By Dan Whitcomb
LOS ANGELES (Reuters) - The truck driver arrested in a rail crash that injured 50 people in California had been cited for multiple driving violations in his home state of Arizona, including a 1998 conviction for driving under the influence, the Los Angeles Times reported on Wednesday.
Jose Alejandro Sanchez-Ramirez, 54, was found walking and "in distress" more than a mile from the accident on Tuesday and was later taken into custody on suspicion of felony hit-and-run for leaving the scene, police said.
Ventura County prosecutors said they expected to file formal charges against Ramirez on Thursday before his initial court appearance. A spokeswoman for that office said she could not confirm any previous violations.
The crash in Oxnard, about 45 miles northwest of Los Angeles, flipped over three double-decker Metrolink rail cars and derailed two others. It tore apart the Ford pickup truck that Ramirez apparently abandoned on the tracks after making a wrong turn in the pre-dawn darkness.
The crash took place where the Metrolink tracks cross busy Rice Avenue, which is used by a steady stream of trucks.
The crossing was a known transportation hazard and the scene of a fatal accident as recently as last year, raising questions about why a highway overpass has not been built.
Four people, including the operator of the Los Angeles-bound train, remained in critical condition overnight.
Oxnard Assistant Police Chief Jason Benites said on Tuesday the driver had undergone unspecified tests at a hospital and that investigators were looking into the possibility that drugs or alcohol were involved in the crash.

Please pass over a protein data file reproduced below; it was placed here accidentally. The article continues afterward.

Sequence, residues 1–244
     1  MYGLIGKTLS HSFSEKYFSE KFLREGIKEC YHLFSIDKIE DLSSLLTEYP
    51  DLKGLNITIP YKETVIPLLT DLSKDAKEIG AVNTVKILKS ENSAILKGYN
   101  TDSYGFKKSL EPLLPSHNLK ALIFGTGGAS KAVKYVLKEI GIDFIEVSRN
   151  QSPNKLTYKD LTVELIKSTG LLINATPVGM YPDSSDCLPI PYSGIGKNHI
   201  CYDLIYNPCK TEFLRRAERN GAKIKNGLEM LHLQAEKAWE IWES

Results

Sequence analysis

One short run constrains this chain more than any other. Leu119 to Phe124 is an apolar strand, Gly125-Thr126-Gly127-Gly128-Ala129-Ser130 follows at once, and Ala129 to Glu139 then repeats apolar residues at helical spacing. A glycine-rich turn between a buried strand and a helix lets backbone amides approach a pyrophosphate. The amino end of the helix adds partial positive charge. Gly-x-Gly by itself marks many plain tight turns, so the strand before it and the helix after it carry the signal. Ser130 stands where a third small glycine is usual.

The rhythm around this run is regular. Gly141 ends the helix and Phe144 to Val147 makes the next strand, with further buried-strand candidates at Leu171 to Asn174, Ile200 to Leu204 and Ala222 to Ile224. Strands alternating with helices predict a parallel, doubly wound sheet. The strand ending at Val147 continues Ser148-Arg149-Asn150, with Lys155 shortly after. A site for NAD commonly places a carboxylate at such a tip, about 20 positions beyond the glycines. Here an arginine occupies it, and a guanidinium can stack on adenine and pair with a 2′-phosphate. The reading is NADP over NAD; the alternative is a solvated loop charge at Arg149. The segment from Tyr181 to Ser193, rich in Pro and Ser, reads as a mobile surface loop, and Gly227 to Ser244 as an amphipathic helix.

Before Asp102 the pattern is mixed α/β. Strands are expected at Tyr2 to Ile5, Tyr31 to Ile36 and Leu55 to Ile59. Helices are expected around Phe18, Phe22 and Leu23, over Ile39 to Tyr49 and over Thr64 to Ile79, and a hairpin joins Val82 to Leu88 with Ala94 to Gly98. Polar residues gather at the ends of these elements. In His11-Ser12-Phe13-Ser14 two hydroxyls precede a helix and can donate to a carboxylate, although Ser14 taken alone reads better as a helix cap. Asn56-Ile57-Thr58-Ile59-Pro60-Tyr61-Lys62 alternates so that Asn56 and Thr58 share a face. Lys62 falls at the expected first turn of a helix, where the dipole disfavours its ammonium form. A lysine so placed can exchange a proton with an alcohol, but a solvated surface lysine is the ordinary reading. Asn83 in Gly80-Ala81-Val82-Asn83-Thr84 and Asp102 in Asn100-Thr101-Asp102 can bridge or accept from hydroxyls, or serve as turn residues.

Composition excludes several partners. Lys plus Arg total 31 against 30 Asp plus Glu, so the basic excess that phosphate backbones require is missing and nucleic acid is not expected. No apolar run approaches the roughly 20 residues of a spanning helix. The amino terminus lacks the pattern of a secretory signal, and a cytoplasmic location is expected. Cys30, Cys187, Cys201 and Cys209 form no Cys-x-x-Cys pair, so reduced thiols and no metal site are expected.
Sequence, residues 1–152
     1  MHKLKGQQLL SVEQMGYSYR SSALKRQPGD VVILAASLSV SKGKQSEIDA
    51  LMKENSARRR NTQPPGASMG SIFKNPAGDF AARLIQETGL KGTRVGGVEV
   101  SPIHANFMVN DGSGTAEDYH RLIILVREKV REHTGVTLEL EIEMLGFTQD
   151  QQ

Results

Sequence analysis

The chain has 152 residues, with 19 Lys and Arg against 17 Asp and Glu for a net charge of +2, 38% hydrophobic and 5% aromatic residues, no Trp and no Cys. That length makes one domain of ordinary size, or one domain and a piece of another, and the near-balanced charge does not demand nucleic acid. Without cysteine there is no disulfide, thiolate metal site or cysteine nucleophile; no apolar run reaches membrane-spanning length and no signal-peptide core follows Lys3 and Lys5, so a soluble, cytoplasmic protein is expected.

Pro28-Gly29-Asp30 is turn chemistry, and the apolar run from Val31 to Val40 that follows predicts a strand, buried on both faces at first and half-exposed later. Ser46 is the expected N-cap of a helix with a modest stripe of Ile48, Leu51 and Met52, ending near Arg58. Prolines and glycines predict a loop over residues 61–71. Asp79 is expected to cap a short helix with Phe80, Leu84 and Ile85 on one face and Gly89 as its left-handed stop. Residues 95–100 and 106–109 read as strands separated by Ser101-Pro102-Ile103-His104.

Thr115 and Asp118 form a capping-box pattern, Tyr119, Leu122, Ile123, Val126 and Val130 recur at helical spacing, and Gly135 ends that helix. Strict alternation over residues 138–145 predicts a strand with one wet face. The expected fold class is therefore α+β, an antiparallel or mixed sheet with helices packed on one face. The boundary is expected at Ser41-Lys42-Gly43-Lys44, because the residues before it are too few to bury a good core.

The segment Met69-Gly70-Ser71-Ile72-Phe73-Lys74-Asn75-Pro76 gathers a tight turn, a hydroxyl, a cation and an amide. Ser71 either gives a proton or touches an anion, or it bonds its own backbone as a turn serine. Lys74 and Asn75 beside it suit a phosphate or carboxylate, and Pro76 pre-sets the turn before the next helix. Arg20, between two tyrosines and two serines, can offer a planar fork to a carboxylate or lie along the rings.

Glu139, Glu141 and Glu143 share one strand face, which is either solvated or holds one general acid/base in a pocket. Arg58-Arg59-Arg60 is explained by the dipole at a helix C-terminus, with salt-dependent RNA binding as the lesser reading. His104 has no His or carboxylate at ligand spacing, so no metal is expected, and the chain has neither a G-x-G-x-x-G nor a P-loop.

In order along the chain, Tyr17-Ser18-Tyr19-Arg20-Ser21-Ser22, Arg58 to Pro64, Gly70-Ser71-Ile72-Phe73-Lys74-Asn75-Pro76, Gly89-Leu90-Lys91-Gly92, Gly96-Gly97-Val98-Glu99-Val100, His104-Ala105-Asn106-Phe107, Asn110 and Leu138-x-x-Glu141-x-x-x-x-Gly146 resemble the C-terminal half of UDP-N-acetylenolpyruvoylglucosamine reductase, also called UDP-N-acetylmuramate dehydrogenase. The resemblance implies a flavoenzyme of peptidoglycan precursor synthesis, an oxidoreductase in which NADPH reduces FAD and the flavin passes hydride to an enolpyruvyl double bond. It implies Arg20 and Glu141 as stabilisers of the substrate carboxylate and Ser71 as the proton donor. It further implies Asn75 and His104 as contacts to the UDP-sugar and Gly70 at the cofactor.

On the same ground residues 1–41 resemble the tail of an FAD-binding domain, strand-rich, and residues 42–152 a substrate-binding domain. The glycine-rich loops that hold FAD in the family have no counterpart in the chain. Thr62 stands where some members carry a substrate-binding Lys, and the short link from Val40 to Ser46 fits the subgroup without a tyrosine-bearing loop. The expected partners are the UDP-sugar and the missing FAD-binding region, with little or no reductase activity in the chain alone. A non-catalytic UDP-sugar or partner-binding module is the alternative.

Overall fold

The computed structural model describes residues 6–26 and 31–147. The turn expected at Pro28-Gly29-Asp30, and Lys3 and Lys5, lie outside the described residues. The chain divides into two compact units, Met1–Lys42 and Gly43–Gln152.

The Los Angeles Times said on Wednesday the truck driver had a history of vehicle infractions in Arizona, including pleading guilty in 1998 to violations including driving with a blood alcohol content above the state's legal limit.
He also pleaded guilty to failure to obey a police officer, having liquor with a "minor on the premises" and having no insurance.
In 2004, Ramirez was convicted of a driving infraction in Yuma, Arizona and was cited for failure to obey a traffic control device in 2007, the newspaper said.
An attorney representing Ramirez, Ron Bamieh, scheduled a press conference for Thursday afternoon to discuss the case.
Bamieh told the Ventura County Star newspaper that Ramirez, who had been driving his employer's truck, "tried to do all he could" to move the vehicle before the crash.
Bamieh said Ramirez ran for help following the impact but did not immediately call authorities because he was in shock and speaks only Spanish.
A National Transportation Safety Board member has said Ramirez' heavy-duty pickup truck appeared to have traveled about 80 feet (24 meters) down the tracks before being hit by the train in the fiery pre-dawn accident.
Metrolink officials said full service was scheduled to resume on Thursday afternoon on the agency's Ventura County line after repairs to the damaged tracks.
(Reporting by Daniel Wallis and Dan Whitcomb; Writing by Daniel Wallis; Editing by Cynthia Johnston and James Dalgleish)